Bill changes online shopping tax with withdrawal in store | Legislation

A proposal pending in the Chamber of Deputies wants to simplify the operation of virtual stores that allow the withdrawal of products: for this, it changes the way of charging the ICMS (Tax on Circulation of Goods and Services). The physical store is no longer responsible for the tax, paving the way for more online sellers to make deals with physical establishments.

Cardboard box (photo by Michael Lehet / Flickr)

Presented by Congressman Enrico Misasi (PV-SP), the Complementary Bill (PLP) 148/2019 exempt from ICMS “operations that send goods to another legal entity for simple delivery to final consumer, due to multichannel sales”.

This does not mean that the online purchase will be exempt from ICMS, but it does mean that the tax payment would be borne by the online store that the sold – not from the physical store that delivered it. The tax would be charged only when the goods were removed by the customer.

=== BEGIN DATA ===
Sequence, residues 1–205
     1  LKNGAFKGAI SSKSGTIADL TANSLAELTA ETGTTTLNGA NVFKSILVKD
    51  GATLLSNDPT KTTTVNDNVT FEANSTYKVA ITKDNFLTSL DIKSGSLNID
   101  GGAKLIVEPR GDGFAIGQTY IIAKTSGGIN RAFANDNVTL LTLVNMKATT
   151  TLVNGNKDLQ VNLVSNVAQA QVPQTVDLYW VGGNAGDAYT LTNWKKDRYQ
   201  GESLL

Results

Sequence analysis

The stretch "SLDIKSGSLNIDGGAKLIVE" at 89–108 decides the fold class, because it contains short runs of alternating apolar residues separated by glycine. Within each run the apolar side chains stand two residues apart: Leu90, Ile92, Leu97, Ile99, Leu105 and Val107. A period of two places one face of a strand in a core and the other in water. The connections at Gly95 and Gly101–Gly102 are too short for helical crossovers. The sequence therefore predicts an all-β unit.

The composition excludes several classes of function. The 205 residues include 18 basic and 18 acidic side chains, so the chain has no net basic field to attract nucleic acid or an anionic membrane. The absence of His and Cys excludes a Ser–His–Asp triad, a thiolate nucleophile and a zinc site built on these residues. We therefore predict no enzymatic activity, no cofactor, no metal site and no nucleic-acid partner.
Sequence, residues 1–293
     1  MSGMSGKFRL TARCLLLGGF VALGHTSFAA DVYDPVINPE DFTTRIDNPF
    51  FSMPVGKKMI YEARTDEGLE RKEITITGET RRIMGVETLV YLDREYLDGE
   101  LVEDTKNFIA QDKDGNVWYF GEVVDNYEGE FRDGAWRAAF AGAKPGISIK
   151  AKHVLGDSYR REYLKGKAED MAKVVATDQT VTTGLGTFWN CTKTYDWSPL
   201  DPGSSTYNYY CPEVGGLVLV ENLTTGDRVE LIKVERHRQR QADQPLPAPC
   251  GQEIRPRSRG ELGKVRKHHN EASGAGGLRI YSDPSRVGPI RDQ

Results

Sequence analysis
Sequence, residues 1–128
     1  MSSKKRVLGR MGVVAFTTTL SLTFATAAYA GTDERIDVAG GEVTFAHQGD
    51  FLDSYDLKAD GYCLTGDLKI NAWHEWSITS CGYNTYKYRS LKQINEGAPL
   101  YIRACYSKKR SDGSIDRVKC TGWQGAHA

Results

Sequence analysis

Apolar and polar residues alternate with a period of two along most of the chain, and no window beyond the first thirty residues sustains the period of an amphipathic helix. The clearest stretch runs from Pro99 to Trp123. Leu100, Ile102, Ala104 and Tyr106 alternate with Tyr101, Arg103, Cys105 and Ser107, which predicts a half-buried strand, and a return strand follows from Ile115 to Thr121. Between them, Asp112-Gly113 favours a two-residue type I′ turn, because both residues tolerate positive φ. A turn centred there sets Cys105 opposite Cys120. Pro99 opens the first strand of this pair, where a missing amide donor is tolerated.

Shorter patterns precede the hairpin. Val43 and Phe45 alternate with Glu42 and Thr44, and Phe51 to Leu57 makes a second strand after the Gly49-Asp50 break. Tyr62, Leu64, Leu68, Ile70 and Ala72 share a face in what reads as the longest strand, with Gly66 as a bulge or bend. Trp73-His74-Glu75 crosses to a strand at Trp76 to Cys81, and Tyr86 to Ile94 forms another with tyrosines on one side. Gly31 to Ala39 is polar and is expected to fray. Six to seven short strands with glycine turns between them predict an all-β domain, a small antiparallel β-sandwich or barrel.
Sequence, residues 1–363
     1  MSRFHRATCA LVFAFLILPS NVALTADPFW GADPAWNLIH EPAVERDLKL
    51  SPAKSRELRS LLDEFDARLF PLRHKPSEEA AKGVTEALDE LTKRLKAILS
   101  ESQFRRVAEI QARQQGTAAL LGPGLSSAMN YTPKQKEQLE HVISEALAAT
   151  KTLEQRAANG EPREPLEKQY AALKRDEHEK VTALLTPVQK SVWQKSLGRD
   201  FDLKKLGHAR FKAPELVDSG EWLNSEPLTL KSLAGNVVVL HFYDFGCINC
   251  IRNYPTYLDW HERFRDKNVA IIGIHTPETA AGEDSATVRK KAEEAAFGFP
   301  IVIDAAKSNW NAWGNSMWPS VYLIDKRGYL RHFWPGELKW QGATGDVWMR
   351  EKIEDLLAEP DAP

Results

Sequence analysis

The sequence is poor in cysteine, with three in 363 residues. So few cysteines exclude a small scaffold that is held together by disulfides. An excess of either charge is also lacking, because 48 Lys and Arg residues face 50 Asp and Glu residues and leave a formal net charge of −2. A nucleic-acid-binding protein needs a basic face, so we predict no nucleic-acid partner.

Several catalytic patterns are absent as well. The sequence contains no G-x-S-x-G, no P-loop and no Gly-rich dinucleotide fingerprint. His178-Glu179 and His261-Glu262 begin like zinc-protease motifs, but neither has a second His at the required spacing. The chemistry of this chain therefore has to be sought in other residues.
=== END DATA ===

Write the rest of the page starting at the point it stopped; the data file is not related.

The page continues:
The text also guarantees the customer the right to return or exchange the product at the same physical store where it was picked up. If approved, PLP 148/2019 will apply to all of Brazil.

This is a way to stimulate the “click and remove” modality, since physical stores would not have to worry about ICMS on products sold online.

There is another advantage: this opens the way for more virtual stores to make a delivery agreement in physical stores, even if they are from different companies. For example, would have more freedom to offer the “pick up in store” service in stores other than Lojas Americanas.

Integration of physical and online store comes up against ICMS

“The integration of channels is already a reality in several countries and is showing a trend towards global retail,” says Misasi in his justification for the project. “It turns out that the implementation of these new sales modalities still comes up against the current tax legislation, especially with regard to the ICMS.”

The deputy indicates that the approval of the project will lead to the adoption of other delivery modalities and an optimized consumption experience, “reducing delivery time, transportation costs and offering a greater range of options to the consumer”.

The project is given priority in the CFT (Finance and Taxation Commission). Then, it will be analyzed in the CCJ (Commission of Constitution and Justice) to then reach the plenary of the Chamber. If approved by the Senate and the President, the new rule will become effective 120 days after publication.

With information: Chamber of Deputies.

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